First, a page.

Have You Been Flamed?
Flaming is basically a very harsh message from one person to another online or via email. Social media in particular is completely on fire and if you are an active participant, it would be odd if you have not yet been flamed.
One thing I’ve witnessed over the years is onliners have grown increasingly bold when hiding behind these screens. To the point that if you have yet to have the pleasant experience of being flame, you are on borrowed time.
Be wary of anonymous accounts that do not display or expose their true identity. There are a healthy amount of folks online who relish in hiding behind their screens and typing things they would never say to your face.
You can also get flamed if you participate in a forum, group or discussion boards. However, having a difference of opinion is not the only thing that instigates a flamer.
Why will you get flamed?
In today’s online environment, the level of flaming, varies by venue and by topic. In my experience most smaller intimate groups and forums are more personal and therefore folks know each other and are more reasonable and understanding.
That’s why it is always wise to lurk when you join any new group or website. You want to make sure it is a good fit for why you are there. Lurking also provides the opportunity to experience the personality (and personalities) of the group before you jump in.
Play by the Rules
If you break the posted rules of any website, forum or group (and it is clear you didn’t take the time to read them) the regulars may flame you. Some will be nicer than others.
Established forums are a pretty tight-knit group and don’t take kindly to “newbies” not following the posted guidelines. Hint: Always read the charter, guidelines or rules before posting.
You might get flamed when information that is available to you by doing a simple search with minimal effort is not read. When you post mistruths or clearly type comments not based in any facts, you’ll raise the ire of those that are informed.
Flaming can also be someone just being nasty because they are having a bad day or misunderstood something you typed. When that happens, quickly clarify what you meant will help to diffuse the situation.
Then there are those that are just plain jerks (a.k.a. a troll).
I remember an SEO forum I joined a while back. The guidelines were standard and customary and it appeared there was a lot of knowledgeable folks sharing information and being helpful. Just what I was looking for.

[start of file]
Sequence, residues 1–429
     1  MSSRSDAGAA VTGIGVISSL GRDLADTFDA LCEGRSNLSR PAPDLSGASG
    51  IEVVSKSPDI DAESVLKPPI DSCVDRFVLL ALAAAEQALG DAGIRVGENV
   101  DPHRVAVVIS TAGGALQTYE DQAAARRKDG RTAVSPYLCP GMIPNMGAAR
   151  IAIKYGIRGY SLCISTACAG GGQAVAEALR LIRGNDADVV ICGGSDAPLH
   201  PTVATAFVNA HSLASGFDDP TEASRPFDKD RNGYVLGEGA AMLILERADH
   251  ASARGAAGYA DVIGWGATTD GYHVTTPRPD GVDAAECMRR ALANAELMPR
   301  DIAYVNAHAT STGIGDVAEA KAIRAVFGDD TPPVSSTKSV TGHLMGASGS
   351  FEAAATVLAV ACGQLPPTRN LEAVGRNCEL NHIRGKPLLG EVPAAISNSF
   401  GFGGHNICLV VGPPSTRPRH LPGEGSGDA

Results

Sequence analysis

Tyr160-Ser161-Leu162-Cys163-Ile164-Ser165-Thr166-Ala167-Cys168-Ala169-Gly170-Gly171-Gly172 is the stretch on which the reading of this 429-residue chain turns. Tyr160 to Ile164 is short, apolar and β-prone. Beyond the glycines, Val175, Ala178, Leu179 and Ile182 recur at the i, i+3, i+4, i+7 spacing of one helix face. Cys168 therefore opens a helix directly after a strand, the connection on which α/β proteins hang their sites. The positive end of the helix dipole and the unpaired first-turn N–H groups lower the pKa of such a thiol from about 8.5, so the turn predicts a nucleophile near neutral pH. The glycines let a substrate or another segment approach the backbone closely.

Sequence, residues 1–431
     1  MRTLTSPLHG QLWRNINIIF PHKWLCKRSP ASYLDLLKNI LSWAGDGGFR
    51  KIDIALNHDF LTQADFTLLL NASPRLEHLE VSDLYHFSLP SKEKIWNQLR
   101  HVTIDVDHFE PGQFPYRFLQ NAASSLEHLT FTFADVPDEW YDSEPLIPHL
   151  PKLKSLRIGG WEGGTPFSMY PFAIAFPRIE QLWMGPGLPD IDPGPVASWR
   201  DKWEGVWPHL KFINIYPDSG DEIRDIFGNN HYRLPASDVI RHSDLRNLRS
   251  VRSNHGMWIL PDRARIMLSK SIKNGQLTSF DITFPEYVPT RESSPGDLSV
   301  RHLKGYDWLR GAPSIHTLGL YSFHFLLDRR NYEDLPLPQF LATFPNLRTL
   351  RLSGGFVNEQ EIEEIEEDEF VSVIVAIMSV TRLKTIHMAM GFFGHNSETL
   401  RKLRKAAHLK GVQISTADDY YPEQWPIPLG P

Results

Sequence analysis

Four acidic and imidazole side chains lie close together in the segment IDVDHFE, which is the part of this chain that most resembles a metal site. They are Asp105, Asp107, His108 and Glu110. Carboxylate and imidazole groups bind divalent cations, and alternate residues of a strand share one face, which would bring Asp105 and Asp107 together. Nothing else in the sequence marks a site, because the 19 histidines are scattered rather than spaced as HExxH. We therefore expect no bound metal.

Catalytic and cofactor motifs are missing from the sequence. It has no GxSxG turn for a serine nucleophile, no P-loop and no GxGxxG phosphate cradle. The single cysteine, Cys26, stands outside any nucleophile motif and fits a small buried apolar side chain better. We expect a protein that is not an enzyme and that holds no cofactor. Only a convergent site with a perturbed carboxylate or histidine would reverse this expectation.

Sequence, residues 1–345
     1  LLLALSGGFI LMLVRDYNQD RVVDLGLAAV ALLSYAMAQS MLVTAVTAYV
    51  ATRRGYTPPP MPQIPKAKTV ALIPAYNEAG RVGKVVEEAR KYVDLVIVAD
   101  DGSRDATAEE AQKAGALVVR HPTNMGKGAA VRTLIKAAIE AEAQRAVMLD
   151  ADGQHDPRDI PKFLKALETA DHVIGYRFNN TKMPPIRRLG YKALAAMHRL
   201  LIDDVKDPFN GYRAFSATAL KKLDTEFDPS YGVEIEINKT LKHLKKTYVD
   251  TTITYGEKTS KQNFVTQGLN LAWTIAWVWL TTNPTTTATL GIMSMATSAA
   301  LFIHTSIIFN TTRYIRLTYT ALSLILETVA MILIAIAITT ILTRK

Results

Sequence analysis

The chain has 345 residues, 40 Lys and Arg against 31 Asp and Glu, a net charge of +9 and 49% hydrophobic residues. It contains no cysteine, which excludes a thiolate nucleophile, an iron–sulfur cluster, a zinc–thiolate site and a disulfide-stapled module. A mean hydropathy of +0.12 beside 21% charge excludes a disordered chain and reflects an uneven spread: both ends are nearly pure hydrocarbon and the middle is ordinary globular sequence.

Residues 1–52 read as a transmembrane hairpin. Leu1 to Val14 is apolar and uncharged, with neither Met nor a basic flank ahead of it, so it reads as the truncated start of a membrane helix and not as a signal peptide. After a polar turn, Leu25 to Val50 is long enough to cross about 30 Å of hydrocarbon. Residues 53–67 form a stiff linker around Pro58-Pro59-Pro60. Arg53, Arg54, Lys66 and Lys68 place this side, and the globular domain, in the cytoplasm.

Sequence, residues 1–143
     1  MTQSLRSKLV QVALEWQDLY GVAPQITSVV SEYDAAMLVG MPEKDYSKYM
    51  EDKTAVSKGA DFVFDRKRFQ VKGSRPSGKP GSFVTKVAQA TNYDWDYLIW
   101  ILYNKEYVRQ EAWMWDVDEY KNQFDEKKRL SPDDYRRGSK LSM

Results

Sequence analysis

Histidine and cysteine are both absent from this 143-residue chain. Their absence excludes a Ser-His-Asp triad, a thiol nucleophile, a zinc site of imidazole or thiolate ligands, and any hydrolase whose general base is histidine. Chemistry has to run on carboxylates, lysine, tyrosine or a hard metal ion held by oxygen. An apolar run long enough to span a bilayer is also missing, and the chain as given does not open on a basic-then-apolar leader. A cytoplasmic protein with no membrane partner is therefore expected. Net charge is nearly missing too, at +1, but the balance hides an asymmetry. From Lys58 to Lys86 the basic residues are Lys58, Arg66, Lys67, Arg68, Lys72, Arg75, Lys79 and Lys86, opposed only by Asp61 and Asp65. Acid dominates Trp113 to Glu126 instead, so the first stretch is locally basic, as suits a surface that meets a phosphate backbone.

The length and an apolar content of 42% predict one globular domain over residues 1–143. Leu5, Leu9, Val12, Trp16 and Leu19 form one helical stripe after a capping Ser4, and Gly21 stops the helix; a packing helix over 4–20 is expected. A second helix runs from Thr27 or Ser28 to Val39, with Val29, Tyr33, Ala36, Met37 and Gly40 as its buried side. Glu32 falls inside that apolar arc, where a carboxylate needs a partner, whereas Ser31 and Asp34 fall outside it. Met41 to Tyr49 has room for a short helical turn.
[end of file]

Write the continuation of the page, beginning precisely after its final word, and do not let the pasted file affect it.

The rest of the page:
I did notice that one moderator was a bit of a bully but didn’t think that would impact me. I searched for the topic I wanted to know more about, found nothing. So I posted.
Yikes! Did I get a dressing down. He also threw in some assumptions and insinuations. I apologized and explained that the forum search I had done did not produce the results he referenced. And he came back at me again…
No amount of good information was worth that treatment. This particular forum, that had been online for well over a decade, eventually shut down. It had become stagnant. I saw comments elsewhere noting the arrogance of the moderator and the forum owner being partially to blame.
The lesson here is if you start a forum or group, your choice of moderators and the rules that they abide by are just as important. Or folks will go elsewhere.
How to Handle Nasty Flamers
If you did break rules, and receive a nasty email pointing that out, take the high road and apologize. If you didn’t take the time to review available resources or guidelines, simply offer your humble apology. In most cases the “flamer” will probably understand.
The last thing you want to do is flame back when you are in the wrong. You won’t like the response to that at all. Nor will that help you to become a respected and welcomed member of the group.
However, whenever you run into a troll, the best response is no response. There is nothing you can do to appease a nasty flamer. It is all about their ego and getting under their skin. Don’t feed that beast.
Now, if a flamer gets threatening, lodge a complaint through the appropriate channels. Take a screenshot of the threatening communication so you have that on file in case the flamer deletes it. Which is very common.
Online you’ll find all kinds of folks. Gravitate to those you enjoy that have the same reasons for participation that you do. And do your best to ignore the rest.